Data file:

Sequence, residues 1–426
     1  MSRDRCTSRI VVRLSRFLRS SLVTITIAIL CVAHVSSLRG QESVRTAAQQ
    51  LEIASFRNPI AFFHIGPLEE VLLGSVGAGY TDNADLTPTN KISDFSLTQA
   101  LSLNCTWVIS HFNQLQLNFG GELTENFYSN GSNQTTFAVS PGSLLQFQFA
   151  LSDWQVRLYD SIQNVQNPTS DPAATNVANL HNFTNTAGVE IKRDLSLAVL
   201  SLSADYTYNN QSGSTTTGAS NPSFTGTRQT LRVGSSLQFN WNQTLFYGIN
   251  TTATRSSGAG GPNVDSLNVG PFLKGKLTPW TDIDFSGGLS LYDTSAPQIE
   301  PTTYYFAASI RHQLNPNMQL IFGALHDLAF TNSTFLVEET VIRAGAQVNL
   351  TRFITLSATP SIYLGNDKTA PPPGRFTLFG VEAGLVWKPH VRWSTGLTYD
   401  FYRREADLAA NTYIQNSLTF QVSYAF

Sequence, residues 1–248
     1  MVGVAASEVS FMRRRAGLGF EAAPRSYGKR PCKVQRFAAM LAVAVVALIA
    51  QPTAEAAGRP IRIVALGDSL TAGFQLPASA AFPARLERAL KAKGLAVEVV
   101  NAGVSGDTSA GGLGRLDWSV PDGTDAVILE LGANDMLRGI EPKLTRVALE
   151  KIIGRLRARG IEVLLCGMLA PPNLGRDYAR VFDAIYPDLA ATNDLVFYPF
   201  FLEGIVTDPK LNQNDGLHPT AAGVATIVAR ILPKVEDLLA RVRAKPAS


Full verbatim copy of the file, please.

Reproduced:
Sequence, residues 1–426
     1  MSRDRCTSRI VVRLSRFLRS SLVTITIAIL CVAHVSSLRG QESVRTAAQQ
    51  LEIASFRNPI AFFHIGPLEE VLLGSVGAGY TDNADLTPTN KISDFSLTQA
   101  LSLNCTWVIS HFNQLQLNFG GELTENFYSN GSNQTTFAVS PGSLLQFQFA
   151  LSDWQVRLYD SIQNVQNPTS DPAATNVANL HNFTNTAGVE IKRDLSLAVL
   201  SLSADYTYNN QSGSTTTGAS NPSFTGTRQT LRVGSSLQFN WNQTLFYGIN
   251  TTATRSSGAG GPNVDSLNVG PFLKGKLTPW TDIDFSGGLS LYDTSAPQIE
   301  PTTYYFAASI RHQLNPNMQL IFGALHDLAF TNSTFLVEET VIRAGAQVNL
   351  TRFITLSATP SIYLGNDKTA PPPGRFTLFG VEAGLVWKPH VRWSTGLTYD
   401  FYRREADLAA NTYIQNSLTF QVSYAF

Sequence, residues 1–248
     1  MVGVAASEVS FMRRRAGLGF EAAPRSYGKR PCKVQRFAAM LAVAVVALIA
    51  QPTAEAAGRP IRIVALGDSL TAGFQLPASA AFPARLERAL KAKGLAVEVV
   101  NAGVSGDTSA GGLGRLDWSV PDGTDAVILE LGANDMLRGI EPKLTRVALE
   151  KIIGRLRARG IEVLLCGMLA PPNLGRDYAR VFDAIYPDLA ATNDLVFYPF
   201  FLEGIVTDPK LNQNDGLHPT AAGVATIVAR ILPKVEDLLA RVRAKPAS